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Tuesday, 02 March 2021

East Mediterranean: Friendship forum

Two weeks before the activation of the East Mediterranean Gas Forum charter, countries from the Eastern Mediterranean and Gulf regions sought to intensify coordination

Doaa El-Bey , Friday 19 Feb 2021
Friendship forum
Friendship forum
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On 11 February Greece hosted the Philia Forum, a conference which brought together the foreign ministers of Cyprus, Egypt, Saudi Arabia, Bahrain and Iraq, and the minister of state for international cooperation of the United Arab Emirates. The French foreign minister participated via video link.

Held in Athens, the Philia Forum — its full title includes the coda “Building Friendship, Peace and Prosperity from the Mediterranean to the Gulf” — allowed for an exchange of views on development in the Mediterranean and Gulf region, and ways to foster greater cooperation, stability, and better use of the region’s resources. Philia is the Greek word for friendship.

“Egyptian-Greek-Cypriot cooperation is the core that could be expanded to include Gulf states which share close ties and common interests in maintaining Arab national security, and a joint vision of cooperation and regional challenges”, Foreign Minister Sameh Shoukri said in a phone interview following the conference. 

With the charter of the East Mediterranean Gas Forum (EMGF), signed in September, due to be activated on 1 March, and the likely establishment of the Cyprus-based Tripartite Secretariat this spring, meetings like the Philia Forum provide an opportunity to improve cooperation within the Mediterranean region not over natural gas, but also on issues directly linked to security and stability.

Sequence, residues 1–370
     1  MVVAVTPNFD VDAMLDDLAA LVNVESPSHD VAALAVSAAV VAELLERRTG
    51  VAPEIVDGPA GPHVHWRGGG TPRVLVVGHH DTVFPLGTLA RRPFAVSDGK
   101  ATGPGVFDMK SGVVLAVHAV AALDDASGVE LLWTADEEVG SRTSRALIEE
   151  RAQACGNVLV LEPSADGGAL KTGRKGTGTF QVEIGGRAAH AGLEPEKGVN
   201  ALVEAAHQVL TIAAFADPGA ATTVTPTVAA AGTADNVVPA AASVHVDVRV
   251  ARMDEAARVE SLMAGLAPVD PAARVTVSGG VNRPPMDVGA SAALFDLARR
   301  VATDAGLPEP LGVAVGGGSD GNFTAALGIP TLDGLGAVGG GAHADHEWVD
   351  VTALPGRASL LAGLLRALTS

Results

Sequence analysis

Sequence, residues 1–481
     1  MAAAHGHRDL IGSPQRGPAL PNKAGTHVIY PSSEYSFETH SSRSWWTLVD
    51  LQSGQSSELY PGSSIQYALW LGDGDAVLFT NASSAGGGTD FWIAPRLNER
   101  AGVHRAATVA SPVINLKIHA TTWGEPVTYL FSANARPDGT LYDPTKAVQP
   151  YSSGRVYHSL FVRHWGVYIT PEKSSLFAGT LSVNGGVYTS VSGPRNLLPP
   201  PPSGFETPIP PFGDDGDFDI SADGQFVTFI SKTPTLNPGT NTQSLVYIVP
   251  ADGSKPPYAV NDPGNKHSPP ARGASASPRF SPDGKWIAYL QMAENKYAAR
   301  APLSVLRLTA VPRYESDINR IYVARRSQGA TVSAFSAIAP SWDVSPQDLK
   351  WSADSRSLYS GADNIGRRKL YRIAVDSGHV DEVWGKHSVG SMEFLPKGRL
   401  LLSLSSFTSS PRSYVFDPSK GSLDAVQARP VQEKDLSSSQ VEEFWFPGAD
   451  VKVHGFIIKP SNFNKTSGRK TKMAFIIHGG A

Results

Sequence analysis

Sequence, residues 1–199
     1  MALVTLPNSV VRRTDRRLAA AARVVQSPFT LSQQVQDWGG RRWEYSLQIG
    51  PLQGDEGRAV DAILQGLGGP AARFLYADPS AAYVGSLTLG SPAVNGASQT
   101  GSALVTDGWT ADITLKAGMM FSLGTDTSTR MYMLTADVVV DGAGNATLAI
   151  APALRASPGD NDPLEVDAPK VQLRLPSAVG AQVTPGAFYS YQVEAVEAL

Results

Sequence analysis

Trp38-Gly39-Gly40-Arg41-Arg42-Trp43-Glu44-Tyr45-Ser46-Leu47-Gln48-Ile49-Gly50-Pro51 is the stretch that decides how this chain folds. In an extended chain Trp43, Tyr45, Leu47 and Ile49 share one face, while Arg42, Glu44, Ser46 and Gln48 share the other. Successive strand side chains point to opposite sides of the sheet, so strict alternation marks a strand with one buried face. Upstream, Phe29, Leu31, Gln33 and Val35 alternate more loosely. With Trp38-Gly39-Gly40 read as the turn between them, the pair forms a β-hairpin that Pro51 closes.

“The forum paves the way for wider cooperation between states in the Eastern Mediterranean and the Gulf, which explains Turkey’s angry reaction to the convening of the meeting,” said a diplomat speaking on condition of anonymity.

Turkey’s Foreign Ministry described the forum as “hostile”. The Turkish daily Sabah reported the Turkish Foreign Ministry saying in a written statement that “the Greek foreign minister’s accusatory and slanderous remarks at the meeting in Athens indicate this enterprise is not about friendship.”

“Tense relations with Turkey will not be the only area of difficulty facing the EMGF. Israel’s relations with other member states, especially Palestine and Lebanon, which is expected to join the EMGF at some point, will place obstacles before the fledgling body,” said the diplomat.

Major natural gas finds off the coasts of Egypt, Cyprus, Israel, and Lebanon have made cooperation between the gas-producing countries increasingly necessary. Egypt, Greece, and Cyprus agreed to establish the EMGF in 2018. The forum was formed in January last year and its charter signed by its founding members — Egypt, Greece, Cyprus, Italy, Israel, Jordan, and Palestine — in September.

The forum is open to all countries that share the same values ​​and goals and have the desire to cooperate more closely on regional security and prosperity.